Skip to main content

Ulti-Met Frustration

So I've got this little mini-series of a thing going here on frustrating losses and loyal reader Eric Orns contributed nicely to the cause, both with the title for this piece and the suggestion to look into one rather petrifying game, which led to another neat discovery.

I don't know how many of you took heed when Jeff DaVanon signed a minor league deal with the White Sox. Jeff's father, Jerry played in the major leagues too, and from what I can tell, didn't have a hugely successful career, other than a pair of shining moments against the Mets.

My sympathies if you remember the 1-0 10-inning loss to the Astros on July 6, 1976, as if you're a Mets fan, you'd have wanted to block this one far out of your memory. In this game, the Mets had eight hits and drew 10 walks against Astros starter J.R. Richard (167 pitches) and scored NO RUNS. Kudos to the record keepers who alerted the media to the major-league records set, at the time, in this game: Most men left on base in a 10-inning shutout (15), and most walks by a pitcher (10) without allowing a run in an extra-inning affair.

The Mets went 1-for-16 with runners in scoring position, leaving the bases loaded in the seventh and eighth innings. They hit into two double plays and had a caught stealing. They twice put a runner on third base with one out and didn't score. Basically, they deserved to lose.

The only person who should have a good memory of this one should be DaVanon, who singled home the winning run in the 10th, one pitch after a throwing error by Mets pitcher Skip Lockwood on a bunt, put the winning run on third base.

Those who do recall this game may recall one of similar disgustingness, the first game of a doubleheader against the Cardinals on July 25, 1974, a 4-3 Mets defeat. The Mets led in this one, 3-0 against aging Bob Gibson, who walked seven and allowed seven hits in eight innings, but held the Flushing union to just three runs. The Cardinals would tie this one with two outs in the ninth on a single by none other than Joe Torre.

After the Mets wasted a leadoff double in the visitors 10th, the Cardinals went about their business of winning the game in the home half. With two on and one out, Met reliever Jack Aker had the misfortune of walking Luis Melendez to load the bases. Up next was DaVanon, whom Aker plunked with a pitch, handing the Mets a rather nasty-tasting defeat and DaVanon, the beginnings of a rep as an Ultimet frustrator.

Those ultiMetly frustrated know...Both Jerry and Jeff DaVanon have 3 walk-off RBI in their career, but Jeff fortunately has none against the Mets.

Comments

Popular posts from this blog

Mets Top 100 Home Runs: From No. 76 (Alex Ochoa) to No. 80 (Dom Smith)

In 2009, I did a project for my website, Mets Walk-Offs and Other Minutiae , celebrating the best home runs in Mets history. I selected the top 60 regular season home runs and the top 15 postseason home runs. The reason I picked 60 was because it represented the top 1% of home runs in Mets history (and 15 just felt right for postseason, giving us 75 overall). This was fun to do, but it was imperfect. I had one egregious omission. I tended to favor oddities. It’s time to give that project an update. And why not do it as a top 100? The Mets have hit 7,671 regular season home runs. The top 80 represent about the top 1%. And the top 20 postseason home runs get us to an even 100 to celebrate. Come along for the ride. Hopefully you’ll enjoy the reminiscing.  Hopefully you’ll find it Amazin’. 80. Dominic Smith’s season-ending walk-off  (Sept. 29, 2019 vs Braves) True story: I pulled into a parking spot right in front of my apartment as Dominic Smith came to bat. R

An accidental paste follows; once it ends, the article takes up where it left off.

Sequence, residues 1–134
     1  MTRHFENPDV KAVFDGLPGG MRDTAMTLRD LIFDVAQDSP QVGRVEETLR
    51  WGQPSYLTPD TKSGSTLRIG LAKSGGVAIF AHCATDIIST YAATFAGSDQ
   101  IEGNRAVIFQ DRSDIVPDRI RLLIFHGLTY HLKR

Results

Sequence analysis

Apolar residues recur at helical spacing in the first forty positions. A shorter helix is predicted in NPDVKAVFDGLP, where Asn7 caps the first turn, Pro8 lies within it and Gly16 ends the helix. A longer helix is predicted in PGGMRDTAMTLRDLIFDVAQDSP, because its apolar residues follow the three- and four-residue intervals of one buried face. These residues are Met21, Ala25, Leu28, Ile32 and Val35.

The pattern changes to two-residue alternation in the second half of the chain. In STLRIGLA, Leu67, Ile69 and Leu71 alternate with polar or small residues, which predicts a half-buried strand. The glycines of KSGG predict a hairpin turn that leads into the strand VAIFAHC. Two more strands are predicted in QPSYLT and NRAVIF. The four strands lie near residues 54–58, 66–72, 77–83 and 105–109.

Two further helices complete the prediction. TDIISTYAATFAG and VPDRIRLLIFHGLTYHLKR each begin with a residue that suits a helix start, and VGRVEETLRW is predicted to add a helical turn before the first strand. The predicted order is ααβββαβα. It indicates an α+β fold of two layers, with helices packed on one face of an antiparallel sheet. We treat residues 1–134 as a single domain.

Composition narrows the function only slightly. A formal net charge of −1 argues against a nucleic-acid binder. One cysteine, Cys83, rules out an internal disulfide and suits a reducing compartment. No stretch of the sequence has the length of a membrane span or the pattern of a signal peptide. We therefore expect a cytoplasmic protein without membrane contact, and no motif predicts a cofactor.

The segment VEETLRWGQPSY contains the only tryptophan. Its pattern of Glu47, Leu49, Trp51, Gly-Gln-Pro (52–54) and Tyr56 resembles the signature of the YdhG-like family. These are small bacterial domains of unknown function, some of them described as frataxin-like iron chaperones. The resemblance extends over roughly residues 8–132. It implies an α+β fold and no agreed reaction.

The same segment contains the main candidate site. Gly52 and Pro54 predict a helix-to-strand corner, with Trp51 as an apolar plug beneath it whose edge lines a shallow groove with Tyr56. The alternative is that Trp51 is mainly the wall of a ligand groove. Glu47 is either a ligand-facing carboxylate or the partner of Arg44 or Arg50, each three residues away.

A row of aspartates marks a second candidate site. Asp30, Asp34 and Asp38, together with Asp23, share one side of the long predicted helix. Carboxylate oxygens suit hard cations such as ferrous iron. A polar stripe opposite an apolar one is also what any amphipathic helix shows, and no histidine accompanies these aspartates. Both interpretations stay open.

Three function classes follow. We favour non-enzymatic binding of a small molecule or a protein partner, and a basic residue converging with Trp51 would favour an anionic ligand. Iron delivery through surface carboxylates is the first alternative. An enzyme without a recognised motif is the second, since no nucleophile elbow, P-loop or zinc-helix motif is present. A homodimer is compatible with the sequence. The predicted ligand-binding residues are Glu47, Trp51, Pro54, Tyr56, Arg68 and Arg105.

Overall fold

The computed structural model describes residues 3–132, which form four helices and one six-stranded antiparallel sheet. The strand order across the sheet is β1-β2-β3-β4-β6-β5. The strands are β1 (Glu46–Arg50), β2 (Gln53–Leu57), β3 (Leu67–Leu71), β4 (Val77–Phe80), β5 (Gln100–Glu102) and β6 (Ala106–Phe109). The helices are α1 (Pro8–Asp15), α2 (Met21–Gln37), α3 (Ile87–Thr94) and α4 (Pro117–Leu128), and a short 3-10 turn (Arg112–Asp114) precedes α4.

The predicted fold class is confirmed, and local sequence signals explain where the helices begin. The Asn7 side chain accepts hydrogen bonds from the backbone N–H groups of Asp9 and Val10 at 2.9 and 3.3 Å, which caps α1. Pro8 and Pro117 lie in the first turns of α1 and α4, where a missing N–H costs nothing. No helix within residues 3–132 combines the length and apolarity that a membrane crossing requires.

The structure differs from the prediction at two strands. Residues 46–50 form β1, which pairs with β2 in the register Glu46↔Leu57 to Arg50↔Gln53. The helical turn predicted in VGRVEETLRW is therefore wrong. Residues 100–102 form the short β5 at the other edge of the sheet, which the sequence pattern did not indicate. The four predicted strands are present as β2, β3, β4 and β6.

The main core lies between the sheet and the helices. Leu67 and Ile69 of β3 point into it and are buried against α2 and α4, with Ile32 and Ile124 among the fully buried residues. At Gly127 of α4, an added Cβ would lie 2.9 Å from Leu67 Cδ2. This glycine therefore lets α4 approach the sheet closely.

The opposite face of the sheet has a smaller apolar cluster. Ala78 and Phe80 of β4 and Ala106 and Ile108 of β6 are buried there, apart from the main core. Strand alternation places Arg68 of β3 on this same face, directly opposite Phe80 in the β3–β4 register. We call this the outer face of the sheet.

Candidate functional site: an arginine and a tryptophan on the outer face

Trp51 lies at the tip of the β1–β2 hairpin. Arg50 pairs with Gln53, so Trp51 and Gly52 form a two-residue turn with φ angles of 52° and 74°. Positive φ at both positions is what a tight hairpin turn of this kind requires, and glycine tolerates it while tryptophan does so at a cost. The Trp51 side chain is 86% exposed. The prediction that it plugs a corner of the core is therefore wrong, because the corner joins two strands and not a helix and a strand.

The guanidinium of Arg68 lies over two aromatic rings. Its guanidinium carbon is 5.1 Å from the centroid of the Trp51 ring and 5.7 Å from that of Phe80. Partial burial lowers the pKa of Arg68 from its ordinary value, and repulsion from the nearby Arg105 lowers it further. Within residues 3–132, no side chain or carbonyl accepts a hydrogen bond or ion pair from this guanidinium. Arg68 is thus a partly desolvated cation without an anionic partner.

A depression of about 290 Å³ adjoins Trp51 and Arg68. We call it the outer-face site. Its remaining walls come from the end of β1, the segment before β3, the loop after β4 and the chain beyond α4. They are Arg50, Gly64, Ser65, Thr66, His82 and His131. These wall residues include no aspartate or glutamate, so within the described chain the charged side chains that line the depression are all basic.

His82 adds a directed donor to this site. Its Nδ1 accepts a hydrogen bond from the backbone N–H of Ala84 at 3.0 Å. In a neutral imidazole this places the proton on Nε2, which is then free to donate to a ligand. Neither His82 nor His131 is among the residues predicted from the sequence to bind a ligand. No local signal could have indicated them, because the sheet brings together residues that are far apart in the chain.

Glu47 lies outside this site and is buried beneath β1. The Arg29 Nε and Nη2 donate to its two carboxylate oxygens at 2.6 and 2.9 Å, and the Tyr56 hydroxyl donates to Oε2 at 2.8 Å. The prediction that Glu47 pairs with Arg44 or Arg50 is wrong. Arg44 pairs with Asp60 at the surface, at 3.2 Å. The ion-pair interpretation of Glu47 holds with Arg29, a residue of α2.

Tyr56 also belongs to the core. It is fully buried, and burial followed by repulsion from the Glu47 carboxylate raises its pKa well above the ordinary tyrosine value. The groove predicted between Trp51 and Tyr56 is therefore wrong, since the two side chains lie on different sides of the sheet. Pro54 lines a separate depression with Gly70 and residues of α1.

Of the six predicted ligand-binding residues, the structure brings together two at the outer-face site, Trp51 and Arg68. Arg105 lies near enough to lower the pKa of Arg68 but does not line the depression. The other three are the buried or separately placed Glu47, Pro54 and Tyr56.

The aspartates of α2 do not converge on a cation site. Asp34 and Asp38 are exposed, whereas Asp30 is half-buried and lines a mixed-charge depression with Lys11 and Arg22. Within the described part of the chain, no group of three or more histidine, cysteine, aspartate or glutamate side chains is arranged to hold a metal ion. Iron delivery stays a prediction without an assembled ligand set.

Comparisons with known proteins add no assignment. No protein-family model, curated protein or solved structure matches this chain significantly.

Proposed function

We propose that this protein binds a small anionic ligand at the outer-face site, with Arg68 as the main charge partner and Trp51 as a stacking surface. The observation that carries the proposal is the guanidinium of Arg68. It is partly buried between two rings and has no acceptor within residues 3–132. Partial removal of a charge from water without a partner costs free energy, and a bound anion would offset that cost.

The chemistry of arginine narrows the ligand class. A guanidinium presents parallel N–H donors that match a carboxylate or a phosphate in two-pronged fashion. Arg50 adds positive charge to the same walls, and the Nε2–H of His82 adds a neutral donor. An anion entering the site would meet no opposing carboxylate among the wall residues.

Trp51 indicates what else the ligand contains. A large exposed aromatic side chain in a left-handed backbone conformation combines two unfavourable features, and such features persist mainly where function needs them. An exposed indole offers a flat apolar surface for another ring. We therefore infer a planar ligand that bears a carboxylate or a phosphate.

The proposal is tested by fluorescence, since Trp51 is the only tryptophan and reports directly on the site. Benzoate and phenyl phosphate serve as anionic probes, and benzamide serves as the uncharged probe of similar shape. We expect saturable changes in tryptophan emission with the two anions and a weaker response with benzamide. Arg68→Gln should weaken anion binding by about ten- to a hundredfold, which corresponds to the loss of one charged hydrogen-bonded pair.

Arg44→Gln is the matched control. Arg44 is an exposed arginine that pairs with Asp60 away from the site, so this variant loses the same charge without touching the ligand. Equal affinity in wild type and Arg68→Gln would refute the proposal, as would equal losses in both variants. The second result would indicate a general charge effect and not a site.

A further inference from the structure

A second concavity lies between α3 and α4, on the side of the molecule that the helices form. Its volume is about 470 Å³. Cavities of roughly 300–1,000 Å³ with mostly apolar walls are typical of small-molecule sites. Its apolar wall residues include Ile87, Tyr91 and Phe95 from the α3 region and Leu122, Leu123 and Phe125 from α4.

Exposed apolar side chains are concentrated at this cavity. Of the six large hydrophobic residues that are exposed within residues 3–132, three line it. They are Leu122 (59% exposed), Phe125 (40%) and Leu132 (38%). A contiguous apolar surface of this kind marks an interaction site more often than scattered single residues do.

Mets Top 100 Home Runs: From No. 16 (Carl Everett & Bernard Gilkey) to No. 20 (Tommie Agee)

In 2009, I did a project for my website, Mets Walk-Offs and Other Minutiae, celebrating the best home runs in Mets history. I selected the top 60 regular season home runs and the top 15 postseason home runs. The reason I picked 60 was because it represented the top 1% of home runs in Mets history (and 15 just felt right for postseason). This was fun to do, but it was imperfect. I had one egregious omission. I tended to favor oddities. It’s time to give that project an update. And why not do it as a top 100? The Mets have hit 7,671 regular season home runs. The top 80 represent about the top 1%. And the top 20 postseason home runs get us to an even 100 to celebrate. Come along for the ride. Hopefully you’ll enjoy the reminiscing. Hopefully you’ll find it Amazin’.  The rest of the list can be found  here . 20. Tommie Agee reaches new heights  (April 10, 1969 vs Expos) Tommie Agee set the tone for a new beginning in the first week of the 1969

Cliff Notes

Alright, so it's 2 days later and the challenge for me now, after reading through about a dozen game stories and listening to talk radio, is to provide a fresh perspective on walk-off #324. If you're going to be a serious reader of this blog, you know what happened already, so let's look at what made this particular walk-off stand out. It would seem that the place to start is with the idea that everything broke just right on both sides of the ball. Particularly, I'm talking about Carlos Beltran's catch in the 7th inning, where he went over the center field fence to rob Jose Molina of a home run. Every no-hitter seems to have one defensive gem that makes it possible and perhaps that's true of great walk-off moments as well (We'll be looking into that!) Marlon Anderson's home run required a remarkable combination of events. It was only the sixth inside-the-park home run at Shea Stadium by a Met and the first since Darryl Strawberry in 1989. It required t